2. I always hated being in the work force. I found it stressful & exhausting & it left me with very litle energy for those who are suppossed to matter to me most. I know there are bludgers in the system ~ but not everyone is & there is absolutelu no need to be so horrible. What about all the people who lie to get the maximum benifits ~ & as welfare recipients [I am a care for a disabled husband] it upsets me to see people rorting the system for thousands when we make do on what we are legally entitled to & do without so many things because of it. I applaud this mum for managing on her allowance. It is hard to do well but she seems to have managed nicely.

  3. PS I made the bread recipe that the lady makes (the one that appears in the newspaper article) and it turns out really well - I used half wholemeal/half white flour.

    Clara - feminists talk about choice, but really what they mean is no choice at all, except their way.

  4. I'm with Clara and Ganeida. I have felt a lot of pressure to return to work especially because of the years (and money) invested in my education. But I believe that I am supposed to be at home with my kids. I have finally decided to compromise, at least for a few years, and work 10 hours a week so that we can be out of debt in a year or so--and then be able to buy a house. I fully understand the concept that they able bodied should work and we do have our share of folks who abuse the system (in NZ). But I totally applaud this woman for staying home and making it work. It's not easy. And I bet her children are better off for having had her around! Thanks for sharing the budgeting/recipes.

  5. I just wanted to add--WOW! Thanks for the link to her blog. We are really struggling at the moment with spending too much on groceries. I think these tips and recipes might really help.

  6. Bonnie, the recipes look great don't they - implan to try some of them. I have already made her bread twice, once this morning and everyone loves it. Home make bread is so much nicer than the bought bread! Makes the house smell wonderful:)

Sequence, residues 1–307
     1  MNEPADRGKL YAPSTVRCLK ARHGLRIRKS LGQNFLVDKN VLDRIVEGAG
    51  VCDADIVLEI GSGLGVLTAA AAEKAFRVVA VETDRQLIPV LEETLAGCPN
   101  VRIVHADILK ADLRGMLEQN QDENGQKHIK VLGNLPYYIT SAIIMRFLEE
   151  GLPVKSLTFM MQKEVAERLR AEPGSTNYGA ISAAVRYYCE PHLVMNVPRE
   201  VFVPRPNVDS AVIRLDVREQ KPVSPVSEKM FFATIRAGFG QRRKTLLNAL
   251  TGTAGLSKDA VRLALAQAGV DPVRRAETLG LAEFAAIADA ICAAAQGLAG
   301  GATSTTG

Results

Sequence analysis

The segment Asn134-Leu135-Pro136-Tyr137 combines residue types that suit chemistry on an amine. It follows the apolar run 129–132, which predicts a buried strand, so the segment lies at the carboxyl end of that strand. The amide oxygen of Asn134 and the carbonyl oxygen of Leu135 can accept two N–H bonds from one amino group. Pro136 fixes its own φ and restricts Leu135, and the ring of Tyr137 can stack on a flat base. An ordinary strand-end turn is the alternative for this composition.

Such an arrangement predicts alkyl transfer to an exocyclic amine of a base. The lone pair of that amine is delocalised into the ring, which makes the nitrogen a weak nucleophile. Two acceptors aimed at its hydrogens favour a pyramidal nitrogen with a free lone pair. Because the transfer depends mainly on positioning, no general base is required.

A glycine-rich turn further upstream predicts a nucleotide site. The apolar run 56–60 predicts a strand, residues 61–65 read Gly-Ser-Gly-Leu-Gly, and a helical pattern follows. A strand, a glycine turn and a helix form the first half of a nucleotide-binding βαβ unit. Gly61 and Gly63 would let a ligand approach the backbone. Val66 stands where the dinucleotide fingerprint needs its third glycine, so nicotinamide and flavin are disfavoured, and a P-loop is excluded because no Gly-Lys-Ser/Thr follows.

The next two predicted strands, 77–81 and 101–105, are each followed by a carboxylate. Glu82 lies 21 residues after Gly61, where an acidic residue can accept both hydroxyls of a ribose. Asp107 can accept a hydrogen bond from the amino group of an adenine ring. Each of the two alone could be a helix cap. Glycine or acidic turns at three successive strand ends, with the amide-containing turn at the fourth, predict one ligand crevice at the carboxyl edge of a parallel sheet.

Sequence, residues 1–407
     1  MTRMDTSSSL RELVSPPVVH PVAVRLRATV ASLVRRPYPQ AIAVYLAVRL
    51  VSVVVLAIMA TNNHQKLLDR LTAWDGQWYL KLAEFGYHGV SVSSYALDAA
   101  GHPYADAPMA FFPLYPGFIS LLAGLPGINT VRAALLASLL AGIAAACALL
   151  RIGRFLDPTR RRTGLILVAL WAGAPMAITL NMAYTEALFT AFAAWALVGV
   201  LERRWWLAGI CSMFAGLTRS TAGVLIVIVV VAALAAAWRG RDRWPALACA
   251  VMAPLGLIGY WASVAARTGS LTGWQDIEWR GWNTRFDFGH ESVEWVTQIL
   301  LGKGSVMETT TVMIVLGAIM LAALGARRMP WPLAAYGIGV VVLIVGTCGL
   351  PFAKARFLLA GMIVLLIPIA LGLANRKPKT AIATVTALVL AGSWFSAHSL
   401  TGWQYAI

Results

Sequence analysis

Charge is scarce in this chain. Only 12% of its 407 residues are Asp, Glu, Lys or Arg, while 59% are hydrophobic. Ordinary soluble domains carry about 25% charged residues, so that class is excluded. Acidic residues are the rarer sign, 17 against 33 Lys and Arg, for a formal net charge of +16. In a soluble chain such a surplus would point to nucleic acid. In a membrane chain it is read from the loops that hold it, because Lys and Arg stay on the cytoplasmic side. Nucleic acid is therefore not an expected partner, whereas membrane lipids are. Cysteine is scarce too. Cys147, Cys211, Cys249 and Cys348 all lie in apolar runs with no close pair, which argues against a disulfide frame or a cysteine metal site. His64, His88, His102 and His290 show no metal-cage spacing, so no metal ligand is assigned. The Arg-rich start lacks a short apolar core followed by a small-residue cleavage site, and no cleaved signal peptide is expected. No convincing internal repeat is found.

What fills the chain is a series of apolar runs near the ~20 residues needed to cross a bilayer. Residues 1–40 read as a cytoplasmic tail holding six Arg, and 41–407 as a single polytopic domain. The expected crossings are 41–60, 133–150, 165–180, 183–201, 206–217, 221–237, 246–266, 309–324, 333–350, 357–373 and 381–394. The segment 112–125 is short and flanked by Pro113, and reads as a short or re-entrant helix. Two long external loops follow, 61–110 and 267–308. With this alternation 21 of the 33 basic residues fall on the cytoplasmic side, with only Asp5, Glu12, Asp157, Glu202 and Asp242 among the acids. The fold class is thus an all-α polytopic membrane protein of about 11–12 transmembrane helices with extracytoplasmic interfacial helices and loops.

7. Thanks for the link - I could use some ideas for cheap meals. :o)

    Sorry to hear that so many people wrote so badly of her though. That was bad.

  8. I'm still reeling from the nastiness in some peoples' comments on that article. Can't even get my head around why people find it necessary to vent their spleen like that.
    I don't encourage young women to become single mums but the reality is happens. A sensible girl can make ends meet on a fairly small income AND give her child/ children a good upbringing.

    (I like the look of some of her recipes as well:-)

  9. Dearest Jo, I just want to thank you for all you beautiful comments you leave for me on my blog, they touch my heart.

    It truly amazes me how in this day and age many people still put everyone and everything into boxes and feel that they can say what they feel like without thinking. I think your post is wonderful and totally agree with you, we never really know the stories behind every situation or face and every one is a individual who should be valued.

    Have a beautiful weekend, hopefully a little cooler!! xxx